HOUSTON—The current energy investing environment is “the worst we’ve seen in multiple decades,” according to KeyBanc Capital Markets analyst Leo Mariani, characterizing investor interest in oil and gas company equities.

Multiples of many E&P companies are below even where they were in the late 1990s—prior to the shale era—when they had an exploration model with a much higher risk than it is today, he said while providing an industry outlook at a breakfast hosted by KeyBanc at the 2020 NAPE Summit.

One headwind energy investors face is the constant narrative that oil demand growth is going to zero, he said. “We’re going negative at some point in the future, but I continue to strongly believe that is overblown.” Oil demand growth decline “is a multi-decade process and not something that happens abruptly in this new decade.”

Keybanc forecasts oil to average $58/bbl WTI over the course of 2020, though it might be a rocky road getting there, he said, not unlike 2019. Last year oil averaged $57, but with a nearly $20/bbl price swing, “there was tremendous volatility. I wouldn’t be surprised to see something like that play out again this year.”

Certainly, that scenario is already in play, as prices entering the year topped $60/bbl, and in a matter of weeks flopped to just below $50, pressured by demand fears related to the coronavirus outbreak in China.

Mariani said the Chinese pandemic was a wrench thrown into the equation. “Coronavirus is driving the bus right now. The world market was in a process of healing itself prior to the outbreak of coronavirus,” he said. “We started to see greenshoots and improvement on the demand side.”

But the epidemic wasn’t as impactful as many anticipated, he said. “I expect as the coronavirus blows over we will get a significant snap-back in demand. I’d not be surprised if we get back in the low $60s by the middle of the year.”

Oil price volatility through the year is more likely to come from geopolitical tensions in the Middle East, which are “as high as they’ve ever been since the Gulf War in the early ’90s. There are tons of barrels that are offline or at risk of potentially going offline.”

Mariani believes OPEC will play its part via production cuts to keep Brent crude prices in the $65 to $70 range to support member country budgets, but non-OPEC supply remains a wildcard. New projects in Canada, Guyana, Brazil and Norway could accelerate growth from a brief slowing in 2019, from 1.3 million barrels of oil equivalent per day (MMboe/d) to 1.45 MMboe/d.

U.S. producers are not helping to slow growth, at least not yet, particularly in regards to Permian Basin production. Looking at large producers such as majors Exxon Mobil and Chevron Corp., and large independents EOG Resources Inc., Concho Resources Inc. and Pioneer Natural Resources Co., “we’re not seeing a sea change in the rate of growth and what they’re forecasting,” he said. “I think you’re seeing more of a soft landing in terms of U.S. oil production growth. I expect it to decline in 2020, but not at a draconian level.”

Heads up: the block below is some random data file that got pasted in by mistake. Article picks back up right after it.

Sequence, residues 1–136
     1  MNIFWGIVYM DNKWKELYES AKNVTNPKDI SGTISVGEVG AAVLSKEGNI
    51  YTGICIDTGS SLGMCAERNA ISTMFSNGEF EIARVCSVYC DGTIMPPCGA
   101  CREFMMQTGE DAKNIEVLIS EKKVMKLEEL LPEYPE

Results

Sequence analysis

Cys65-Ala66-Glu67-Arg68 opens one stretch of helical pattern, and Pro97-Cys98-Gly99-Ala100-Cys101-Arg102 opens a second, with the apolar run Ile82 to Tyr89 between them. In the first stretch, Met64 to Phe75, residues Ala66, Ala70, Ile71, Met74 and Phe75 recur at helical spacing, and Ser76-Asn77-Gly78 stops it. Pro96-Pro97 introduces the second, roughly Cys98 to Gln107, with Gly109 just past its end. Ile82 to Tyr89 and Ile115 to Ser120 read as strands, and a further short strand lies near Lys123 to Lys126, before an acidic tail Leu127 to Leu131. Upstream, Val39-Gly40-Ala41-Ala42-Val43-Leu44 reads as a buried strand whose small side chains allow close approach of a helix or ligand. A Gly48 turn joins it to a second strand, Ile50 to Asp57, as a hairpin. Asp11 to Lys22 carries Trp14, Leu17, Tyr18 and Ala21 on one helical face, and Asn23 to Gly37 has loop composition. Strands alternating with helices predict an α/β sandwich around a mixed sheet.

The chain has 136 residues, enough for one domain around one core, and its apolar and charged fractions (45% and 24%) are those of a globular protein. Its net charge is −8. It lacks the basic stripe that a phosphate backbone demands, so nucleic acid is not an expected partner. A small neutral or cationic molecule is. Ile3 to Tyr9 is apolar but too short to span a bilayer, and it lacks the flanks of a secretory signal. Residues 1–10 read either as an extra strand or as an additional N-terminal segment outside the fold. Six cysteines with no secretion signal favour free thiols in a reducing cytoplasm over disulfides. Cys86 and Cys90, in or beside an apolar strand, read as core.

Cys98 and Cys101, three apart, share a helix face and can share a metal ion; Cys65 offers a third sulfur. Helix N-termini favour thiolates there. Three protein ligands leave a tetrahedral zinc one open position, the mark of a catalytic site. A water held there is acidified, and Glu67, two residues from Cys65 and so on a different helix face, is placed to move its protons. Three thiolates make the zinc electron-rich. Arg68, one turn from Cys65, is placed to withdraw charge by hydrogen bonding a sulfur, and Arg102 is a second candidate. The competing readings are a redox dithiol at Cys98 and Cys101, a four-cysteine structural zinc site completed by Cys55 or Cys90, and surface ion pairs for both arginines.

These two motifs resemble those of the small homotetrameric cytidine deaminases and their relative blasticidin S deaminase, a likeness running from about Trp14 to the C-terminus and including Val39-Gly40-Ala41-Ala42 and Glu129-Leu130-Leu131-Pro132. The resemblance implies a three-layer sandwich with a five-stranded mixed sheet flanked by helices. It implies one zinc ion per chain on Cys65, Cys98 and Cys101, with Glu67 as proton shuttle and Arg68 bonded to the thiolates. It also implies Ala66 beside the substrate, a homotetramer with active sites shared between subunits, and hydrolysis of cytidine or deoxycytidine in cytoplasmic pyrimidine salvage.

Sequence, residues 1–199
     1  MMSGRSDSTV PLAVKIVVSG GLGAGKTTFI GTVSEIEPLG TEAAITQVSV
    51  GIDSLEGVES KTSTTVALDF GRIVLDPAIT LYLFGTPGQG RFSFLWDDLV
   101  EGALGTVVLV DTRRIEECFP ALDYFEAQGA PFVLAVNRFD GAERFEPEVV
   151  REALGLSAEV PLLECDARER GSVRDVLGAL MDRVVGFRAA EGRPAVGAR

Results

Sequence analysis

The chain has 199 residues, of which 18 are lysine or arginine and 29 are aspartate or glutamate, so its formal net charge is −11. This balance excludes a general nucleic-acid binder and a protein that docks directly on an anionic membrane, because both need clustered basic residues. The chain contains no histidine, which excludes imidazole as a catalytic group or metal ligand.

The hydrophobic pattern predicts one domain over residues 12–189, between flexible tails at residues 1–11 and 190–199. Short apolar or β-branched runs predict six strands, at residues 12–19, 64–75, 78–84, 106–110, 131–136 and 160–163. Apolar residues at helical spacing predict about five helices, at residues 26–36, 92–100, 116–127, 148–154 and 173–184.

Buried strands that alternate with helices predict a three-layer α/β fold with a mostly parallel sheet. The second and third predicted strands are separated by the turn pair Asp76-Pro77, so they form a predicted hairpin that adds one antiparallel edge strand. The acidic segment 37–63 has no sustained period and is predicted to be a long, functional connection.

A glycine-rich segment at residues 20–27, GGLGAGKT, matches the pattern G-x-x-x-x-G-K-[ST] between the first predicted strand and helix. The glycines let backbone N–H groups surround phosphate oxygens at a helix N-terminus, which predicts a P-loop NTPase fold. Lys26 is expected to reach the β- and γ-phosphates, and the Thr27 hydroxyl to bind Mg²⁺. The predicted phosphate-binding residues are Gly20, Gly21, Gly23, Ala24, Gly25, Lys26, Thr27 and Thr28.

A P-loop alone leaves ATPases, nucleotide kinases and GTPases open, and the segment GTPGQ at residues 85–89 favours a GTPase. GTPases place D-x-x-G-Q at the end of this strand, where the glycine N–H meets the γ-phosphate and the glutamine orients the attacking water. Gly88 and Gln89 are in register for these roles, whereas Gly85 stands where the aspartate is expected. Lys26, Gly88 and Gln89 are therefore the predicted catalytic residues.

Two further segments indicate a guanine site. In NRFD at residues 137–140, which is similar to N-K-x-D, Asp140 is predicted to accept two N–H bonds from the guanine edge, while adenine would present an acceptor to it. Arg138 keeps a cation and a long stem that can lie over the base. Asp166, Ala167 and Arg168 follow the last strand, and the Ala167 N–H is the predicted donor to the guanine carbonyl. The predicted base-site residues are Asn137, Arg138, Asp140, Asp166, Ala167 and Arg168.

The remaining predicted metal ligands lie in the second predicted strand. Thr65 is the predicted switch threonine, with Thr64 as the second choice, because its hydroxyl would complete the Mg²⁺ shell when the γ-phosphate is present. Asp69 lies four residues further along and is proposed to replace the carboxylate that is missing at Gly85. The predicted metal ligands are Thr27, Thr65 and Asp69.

The optics for oil production growth improve in the back half of the year, he predicted, and global oil growth will fall below 1 MMboe/d. This “should lead to a healing in the oil markets,” he said.

KeyBanc Expects US Oil Production Growth To Be Resilient (Source: KeyBanc Capital Markets Inc.)
KeyBanc Expects US Oil Production Growth To Be Resilient (Source: KeyBanc Capital Markets Inc.)

Natural gas faces a tougher path to healing, however. “Unfortunately, it’s been a train wreck the past couple of years,” he said, resulting from “unbelievably high” production growth of 11% in 2018 and 9% in 2019. “When you couple that with a warm winter, that has absolutely crushed the market—and I don’t think we’re going to see a material recovery this year.”

KeyBanc projects natural gas prices to average $2.15/Mcf across the year, undercut by continued oversupply in the U.S. “for the next year or so.”

Mariani did offer that he sees an upside. “We’re at a price where a lot of these existing wells, particularly in mature basins like the Rockies and Midcon, they are simply not economic to produce. However you want to paint it, those prices don’t work for producers, so I think we will see shut-ins during the course of the year and next, which can certainly help balance things out a bit as we get into the second half.”

He also points to solid demand growth, which might slow “a bit” in the near term, but “it’s not going to go negative.” Eventually, he said, supply and demand “should work, and we should see prices go higher in a couple of years.”

A silver lining resulting from the painful downturn: low prices have forced a spending austerity by producers, resulting in balance sheets a lot healthier than in the past. This “has put a lot of these companies in much better shape to withstand lower commodity prices.”